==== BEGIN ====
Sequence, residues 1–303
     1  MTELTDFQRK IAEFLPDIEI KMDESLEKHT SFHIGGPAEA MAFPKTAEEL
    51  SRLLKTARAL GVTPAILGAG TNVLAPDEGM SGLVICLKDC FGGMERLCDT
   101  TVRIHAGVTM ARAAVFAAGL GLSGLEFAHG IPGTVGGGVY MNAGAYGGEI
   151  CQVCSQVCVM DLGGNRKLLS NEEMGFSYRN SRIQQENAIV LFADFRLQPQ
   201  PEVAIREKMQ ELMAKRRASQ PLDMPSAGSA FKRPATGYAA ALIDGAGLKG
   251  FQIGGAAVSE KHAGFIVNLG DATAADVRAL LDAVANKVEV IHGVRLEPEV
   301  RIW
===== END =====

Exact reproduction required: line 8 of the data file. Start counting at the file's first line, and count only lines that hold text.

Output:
   301  RIW